Evidence of One’s Failure to Wear Seat Belt Now Admissible in Car-Accident Cases
For more than forty years, evidence of a plaintiff’s failure to use a seat belt has been inadmissible in car-accident cases. In February 2015, the Texas Supreme Court issued an opinion abandoning this rule in Nabors Well Services v. Romero. In a car-accident case, a jury is traditionally directed to determine the plaintiff’s and defendant’s percentage of responsibility for causing or contributing to the plaintiff’s injury. As a result of Romero, the jury can find that the plaintiff contributed to his injury by failing to wear a seat belt and assign the plaintiff a greater percentage of responsibility for his injury than would have otherwise been assigned if the seat-belt evidence was excluded. Moreover, a child-passenger who is injured in a car accident, along with the driver of the child-passenger, can both bear a percentage of responsibility if there is evidence that the child’s nonuse of a seat belt caused or contributed to the child’s injury. The greater the percentage of responsibility assigned to a plaintiff for contributing to his own injury, the less a plaintiff is entitled to recover from a defendant at trial.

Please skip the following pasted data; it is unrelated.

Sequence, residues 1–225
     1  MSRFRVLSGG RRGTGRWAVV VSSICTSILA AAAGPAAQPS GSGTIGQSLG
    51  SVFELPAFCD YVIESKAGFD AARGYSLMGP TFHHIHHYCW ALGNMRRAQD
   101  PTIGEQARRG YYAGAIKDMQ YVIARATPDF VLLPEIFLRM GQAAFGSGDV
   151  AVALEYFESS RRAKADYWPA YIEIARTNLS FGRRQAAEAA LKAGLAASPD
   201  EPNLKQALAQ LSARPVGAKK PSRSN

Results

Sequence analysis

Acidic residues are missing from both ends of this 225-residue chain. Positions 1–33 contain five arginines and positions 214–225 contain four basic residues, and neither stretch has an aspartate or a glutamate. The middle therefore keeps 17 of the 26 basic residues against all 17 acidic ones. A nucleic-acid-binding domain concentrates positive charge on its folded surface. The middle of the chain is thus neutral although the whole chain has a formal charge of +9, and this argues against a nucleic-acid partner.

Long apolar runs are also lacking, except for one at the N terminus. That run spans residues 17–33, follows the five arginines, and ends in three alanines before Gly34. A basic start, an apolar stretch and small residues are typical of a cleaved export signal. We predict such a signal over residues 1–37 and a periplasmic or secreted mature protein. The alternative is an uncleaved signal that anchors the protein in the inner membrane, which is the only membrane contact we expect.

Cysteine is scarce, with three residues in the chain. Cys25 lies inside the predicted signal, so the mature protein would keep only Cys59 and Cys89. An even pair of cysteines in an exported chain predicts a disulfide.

If you have suffered serious injuries in an automobile or trucking accident, the attorneys at Kittleman Thomas may be able to help. Please contact our office today to see what we can do for you.